Feb 4, 2013

Quantum of Solace (2008): C-

So often does the bad accompany the good in life, perhaps out of necessity, so that we may truly appreciate the latter. After the ravishing James Bond reboot Casino Royale – arguably the best in the series – it would appear inevitable that the next film ratchet things down a few notches; a cynical view, yes, but one reinforced by the dearth of sequels that rise to the occasion presented before them (The Empire Strikes Back, Before Sunset, and The Godfather, Part II notwithstanding). Quantum of Solace isn't completely execrable, but any box office gold it accrues will be purely incidental. That it wastes one of the best titles the series has yet seen is among the least of its offenses.

To say that sequels are doomed to failure is na├»ve, but with  Marc Forster at the helm, that the follow-up to Royale turned out to be one of the worst of the series seems more like destiny manifest. Hype indicated that this might be the first Bond film with Oscar potential, yet in attempting to appeal to the "legitimate," often hollow standards of the awards brigade, it forgot what makes good James Bond films tick so furiously. Daniel Craig – the best performer the character has yet seen – was largely responsible for this in his Oscar-robbed performance, yet even he can only pull so much weight with a script as thematically skimpy and a film so clunky in its assembly as Quantum. Like air escaping a punctured balloon, his effort goes to waste. Not unlike an old man relying on his cane, Quantum leans on the dramatic/thematic weight of its predecessor as a means to justify its own existence, routinely looking back in lieu of forging its own pulse. Once a slow-burning ember of self-immolating emotion, Craig's Bond has been offensively reduced to the 007 equivalent of a sulking teenager, and it’s to the actor's enduring credit that as much emotion makes it to the screen as possible.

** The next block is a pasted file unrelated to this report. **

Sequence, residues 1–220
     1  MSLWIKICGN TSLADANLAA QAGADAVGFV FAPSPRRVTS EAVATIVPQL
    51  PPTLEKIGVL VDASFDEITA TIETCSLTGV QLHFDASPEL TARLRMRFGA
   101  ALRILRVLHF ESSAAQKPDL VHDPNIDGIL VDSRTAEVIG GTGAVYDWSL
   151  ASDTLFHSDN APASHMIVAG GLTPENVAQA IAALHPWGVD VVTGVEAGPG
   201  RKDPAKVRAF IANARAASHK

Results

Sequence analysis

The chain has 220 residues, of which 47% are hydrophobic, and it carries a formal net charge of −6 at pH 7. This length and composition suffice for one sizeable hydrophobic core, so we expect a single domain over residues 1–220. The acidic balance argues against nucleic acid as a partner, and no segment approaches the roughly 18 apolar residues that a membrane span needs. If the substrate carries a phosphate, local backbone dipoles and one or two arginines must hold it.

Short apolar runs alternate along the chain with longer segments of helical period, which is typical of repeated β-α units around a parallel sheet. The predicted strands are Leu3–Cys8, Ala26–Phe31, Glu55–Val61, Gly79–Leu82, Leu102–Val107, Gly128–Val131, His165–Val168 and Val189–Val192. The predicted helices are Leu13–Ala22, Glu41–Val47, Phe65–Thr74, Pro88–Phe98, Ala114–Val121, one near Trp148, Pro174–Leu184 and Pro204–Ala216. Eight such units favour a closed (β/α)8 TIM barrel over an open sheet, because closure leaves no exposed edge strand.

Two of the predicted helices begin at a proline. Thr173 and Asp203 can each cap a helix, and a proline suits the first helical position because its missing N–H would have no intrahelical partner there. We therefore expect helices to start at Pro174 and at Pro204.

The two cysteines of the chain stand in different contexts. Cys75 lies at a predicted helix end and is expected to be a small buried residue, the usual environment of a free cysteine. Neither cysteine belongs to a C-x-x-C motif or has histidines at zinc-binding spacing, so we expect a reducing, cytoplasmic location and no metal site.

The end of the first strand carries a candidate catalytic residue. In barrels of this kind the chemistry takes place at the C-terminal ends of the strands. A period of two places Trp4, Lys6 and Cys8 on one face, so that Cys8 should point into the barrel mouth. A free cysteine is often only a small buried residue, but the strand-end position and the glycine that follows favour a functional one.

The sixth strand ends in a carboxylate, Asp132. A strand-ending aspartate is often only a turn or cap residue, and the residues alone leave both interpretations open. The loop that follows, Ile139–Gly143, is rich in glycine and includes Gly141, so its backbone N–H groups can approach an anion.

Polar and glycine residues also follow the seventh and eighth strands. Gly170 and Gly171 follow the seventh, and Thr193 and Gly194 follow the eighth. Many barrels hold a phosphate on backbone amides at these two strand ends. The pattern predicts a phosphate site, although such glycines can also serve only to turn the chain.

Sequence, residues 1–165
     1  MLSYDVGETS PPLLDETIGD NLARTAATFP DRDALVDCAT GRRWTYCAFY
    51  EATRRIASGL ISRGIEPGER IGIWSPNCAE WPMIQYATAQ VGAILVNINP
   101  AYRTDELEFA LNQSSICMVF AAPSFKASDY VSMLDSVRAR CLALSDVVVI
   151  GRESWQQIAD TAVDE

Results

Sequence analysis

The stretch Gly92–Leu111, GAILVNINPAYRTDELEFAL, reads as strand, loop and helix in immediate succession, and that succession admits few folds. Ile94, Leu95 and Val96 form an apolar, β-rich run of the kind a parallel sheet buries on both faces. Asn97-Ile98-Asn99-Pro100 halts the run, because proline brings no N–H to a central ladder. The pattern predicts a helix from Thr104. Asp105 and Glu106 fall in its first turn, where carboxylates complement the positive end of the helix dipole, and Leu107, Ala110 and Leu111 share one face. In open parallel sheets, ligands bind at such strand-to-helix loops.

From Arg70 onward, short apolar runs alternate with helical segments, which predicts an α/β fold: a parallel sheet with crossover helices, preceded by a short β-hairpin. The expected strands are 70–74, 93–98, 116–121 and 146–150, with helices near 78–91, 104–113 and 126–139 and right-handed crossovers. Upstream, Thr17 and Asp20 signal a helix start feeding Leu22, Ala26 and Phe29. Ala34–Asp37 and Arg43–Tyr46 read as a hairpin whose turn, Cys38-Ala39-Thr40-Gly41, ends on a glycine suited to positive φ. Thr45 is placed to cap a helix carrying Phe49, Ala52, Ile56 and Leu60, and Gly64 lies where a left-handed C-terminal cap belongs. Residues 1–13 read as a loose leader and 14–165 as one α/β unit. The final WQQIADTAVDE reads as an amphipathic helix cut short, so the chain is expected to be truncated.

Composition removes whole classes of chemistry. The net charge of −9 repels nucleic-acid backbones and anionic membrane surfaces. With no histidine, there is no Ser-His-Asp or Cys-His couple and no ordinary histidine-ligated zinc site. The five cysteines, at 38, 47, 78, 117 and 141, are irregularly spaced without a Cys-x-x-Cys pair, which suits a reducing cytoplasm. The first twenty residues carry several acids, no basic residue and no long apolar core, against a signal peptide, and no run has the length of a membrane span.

Squandered from the opening, borderline-incoherent car chase onward, the film screams not only of screenwriter Paul Haggis's contrived methods of exposition, but Forster's unimaginative approach to filmmaking. From his own surface-deep take on the Peter Pan mythos in Finding Neverland to the outright disastrous The Kite Runner, he’s long been a filmmaker who prefers telling over showing, forgoing poetic expression for banal seriousness seemingly made with award show compilations chiefly in mind. Forster drops the torch that was passed to him, and chief among his failures is a dearth of visual continuity: something preferable for any motion picture, and a must for action.

Clueless is the only way to effectively describe the compilations of shaky medium and close-up shots that pose as action scenes; failing to establish any sense of the spatial relationship between the hunter and hunted, they instead play out as motion sans progression, like a videogame with respawning opponents and an unlimited ammo count. Inept to the point of neutering all interest in plot, Quantum may be the lousiest entry since 1975's The Man with the Golden Gun. This time around, Bond's biggest adversaries are those behind the camera.

Originally published on November 16, 2008 at Suite101

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